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    theUtmost 16 years ago

    @Gabriel – which process are you referring to?
    The VM Converter procedure as outlined by Michael?
    Can’t answer that sorry – never tried it.

    As for using the VM Import wizard (as outlined in my comment #24 on the other post):
    “…if you have multiple snapshots, you can keep whatever state you would like for the new VM, although the new VM will not be able to USE any of the snapshots in the old machine. However, you still have the original VM machine unaltered as a backup”
    Hope that helps

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    Gabriel 16 years ago

    The solution I used was to clone the latest snapshot (making a ‘full clone’) and then using that as a starting point to resize.

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    Paul Coddington 16 years ago

    Hmm… seeing an interesting problem with this tool.

    I tried increasing a machine from 25GB to 50GB, and the result is:

    1. VMware reports 50GB.
    2. Guest ‘Windows Disk Manager’ reports 50GB.
    3. Guest ‘Windows Explorer’ reports 25GB.
    4. Guest ‘chkdsk’ reports 25GB.

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    Paul Coddington 16 years ago

    Of course, doing it the old-fashioned way works just fine, even better in fact:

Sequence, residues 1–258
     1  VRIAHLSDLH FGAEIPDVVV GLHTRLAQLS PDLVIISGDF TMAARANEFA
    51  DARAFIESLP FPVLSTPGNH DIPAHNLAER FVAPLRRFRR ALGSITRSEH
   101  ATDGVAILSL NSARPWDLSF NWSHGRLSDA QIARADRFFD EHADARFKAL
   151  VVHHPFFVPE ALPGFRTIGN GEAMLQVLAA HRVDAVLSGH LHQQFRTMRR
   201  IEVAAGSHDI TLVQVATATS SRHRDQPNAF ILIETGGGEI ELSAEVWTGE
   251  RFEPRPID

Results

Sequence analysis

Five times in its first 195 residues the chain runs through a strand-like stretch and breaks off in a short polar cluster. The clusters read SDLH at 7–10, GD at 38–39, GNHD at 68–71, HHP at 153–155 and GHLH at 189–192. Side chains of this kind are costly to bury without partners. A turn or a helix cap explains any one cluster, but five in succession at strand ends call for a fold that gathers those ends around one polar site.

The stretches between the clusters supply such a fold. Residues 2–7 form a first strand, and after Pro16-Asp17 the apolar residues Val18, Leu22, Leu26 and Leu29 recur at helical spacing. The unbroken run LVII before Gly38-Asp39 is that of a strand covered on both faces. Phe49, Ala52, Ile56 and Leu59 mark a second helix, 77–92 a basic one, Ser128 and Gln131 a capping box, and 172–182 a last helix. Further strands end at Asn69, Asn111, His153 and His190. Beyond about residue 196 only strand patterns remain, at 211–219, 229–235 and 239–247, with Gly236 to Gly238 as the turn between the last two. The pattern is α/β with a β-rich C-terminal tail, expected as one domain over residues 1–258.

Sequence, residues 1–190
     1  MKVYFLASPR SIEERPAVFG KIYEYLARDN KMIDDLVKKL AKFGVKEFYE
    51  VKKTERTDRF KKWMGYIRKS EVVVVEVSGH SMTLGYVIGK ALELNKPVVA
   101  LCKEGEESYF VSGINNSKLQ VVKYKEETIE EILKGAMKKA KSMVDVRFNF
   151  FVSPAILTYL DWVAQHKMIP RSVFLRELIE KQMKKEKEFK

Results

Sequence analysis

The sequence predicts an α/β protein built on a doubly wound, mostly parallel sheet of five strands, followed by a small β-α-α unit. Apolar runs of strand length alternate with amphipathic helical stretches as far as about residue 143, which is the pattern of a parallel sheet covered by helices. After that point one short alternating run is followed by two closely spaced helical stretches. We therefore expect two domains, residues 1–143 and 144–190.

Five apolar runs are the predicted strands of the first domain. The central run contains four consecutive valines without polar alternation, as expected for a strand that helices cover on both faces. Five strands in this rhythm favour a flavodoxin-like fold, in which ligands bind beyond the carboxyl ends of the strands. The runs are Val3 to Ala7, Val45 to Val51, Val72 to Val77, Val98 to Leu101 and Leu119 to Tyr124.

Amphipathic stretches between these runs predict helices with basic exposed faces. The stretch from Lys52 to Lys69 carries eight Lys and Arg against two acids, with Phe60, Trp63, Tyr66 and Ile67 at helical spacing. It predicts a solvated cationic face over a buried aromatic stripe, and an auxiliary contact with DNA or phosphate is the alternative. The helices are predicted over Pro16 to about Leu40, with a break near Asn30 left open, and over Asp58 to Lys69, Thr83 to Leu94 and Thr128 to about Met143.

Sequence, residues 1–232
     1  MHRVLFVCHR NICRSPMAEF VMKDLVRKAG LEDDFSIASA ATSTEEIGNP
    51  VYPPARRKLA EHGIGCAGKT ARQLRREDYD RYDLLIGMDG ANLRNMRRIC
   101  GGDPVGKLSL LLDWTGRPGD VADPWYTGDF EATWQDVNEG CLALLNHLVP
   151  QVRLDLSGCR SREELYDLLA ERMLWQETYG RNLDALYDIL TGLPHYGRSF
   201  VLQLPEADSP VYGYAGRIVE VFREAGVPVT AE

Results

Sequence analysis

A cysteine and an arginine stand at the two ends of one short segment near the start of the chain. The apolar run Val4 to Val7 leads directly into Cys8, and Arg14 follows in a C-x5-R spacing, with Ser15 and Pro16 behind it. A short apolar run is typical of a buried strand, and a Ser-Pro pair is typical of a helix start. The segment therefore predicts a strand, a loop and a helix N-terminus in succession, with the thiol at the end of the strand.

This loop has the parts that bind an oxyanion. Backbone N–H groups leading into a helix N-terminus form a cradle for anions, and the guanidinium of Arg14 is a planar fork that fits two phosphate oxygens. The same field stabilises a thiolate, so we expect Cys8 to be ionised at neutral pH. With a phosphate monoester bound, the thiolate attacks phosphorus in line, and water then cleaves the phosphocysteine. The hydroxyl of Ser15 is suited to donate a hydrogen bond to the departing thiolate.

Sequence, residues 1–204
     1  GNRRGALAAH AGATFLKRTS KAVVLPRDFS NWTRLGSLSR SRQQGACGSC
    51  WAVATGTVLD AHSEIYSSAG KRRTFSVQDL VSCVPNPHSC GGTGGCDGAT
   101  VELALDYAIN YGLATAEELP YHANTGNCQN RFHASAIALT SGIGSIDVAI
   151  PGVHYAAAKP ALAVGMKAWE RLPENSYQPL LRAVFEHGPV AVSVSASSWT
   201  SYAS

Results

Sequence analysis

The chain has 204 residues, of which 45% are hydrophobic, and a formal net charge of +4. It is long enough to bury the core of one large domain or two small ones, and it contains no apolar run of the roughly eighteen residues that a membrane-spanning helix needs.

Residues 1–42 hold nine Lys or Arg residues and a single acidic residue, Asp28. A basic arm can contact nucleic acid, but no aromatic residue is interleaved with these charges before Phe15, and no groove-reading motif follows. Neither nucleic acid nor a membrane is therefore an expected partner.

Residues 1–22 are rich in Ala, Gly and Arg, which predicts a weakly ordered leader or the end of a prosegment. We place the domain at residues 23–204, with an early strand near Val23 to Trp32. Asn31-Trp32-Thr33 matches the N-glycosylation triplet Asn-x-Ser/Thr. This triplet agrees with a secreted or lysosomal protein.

1. Add an extra disk to the VM.
    2. Boot the VM with an Acronis TrueImage CD in the CD-ROM.
    3. Format the new disk using TrueImage.
    4. Backup system to extra disk.
    5. Shutdown VM.
    6. Delete and recreate system disk in larger/smaller size, preallocated or dynamic, as desired.
    7. Disconnect and reconnect all virtual hard disks in required order (to ensure IDE assignments are correct).
    8. Boot from CD.
    9. Format the new blank system disk using TrueImage.
    10. Reboot from CD to reassign drive letters.
    11. Restore image from backup to C: drive.
    12. Shutdown VM.
    13. Delete backup disk.

    Viola: system boots, disk space is increased, no need to repair VMware Tools, gets around VMware 6 not recognising Vista as importable, etc.

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    David Faure 15 years ago

    Paul (comment #12): you need to use ntfsresize to enlarge the filesystem, as explained in http://weblogs.asp.net/kdente/archive/2006/01/07/434789.aspx, I think.

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    David Faure 15 years ago

    Then again, I just used VMWare Converter 3.0.3 (with source other and destination other, to convert from a VMWare image to a VMWare image), and the NTFS partition seems to have resized automatically. I see the new size in Explorer immediately after booting the new image. So ntfsresize doesn’t seem to be needed after all.

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    Piotr Findeisen 15 years ago
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    rsbrux 11 years ago

    Unfortunately, VM converter insists on assignin a new SID and removing domain membership, making the new image a different machine. That makes this method unusable for me.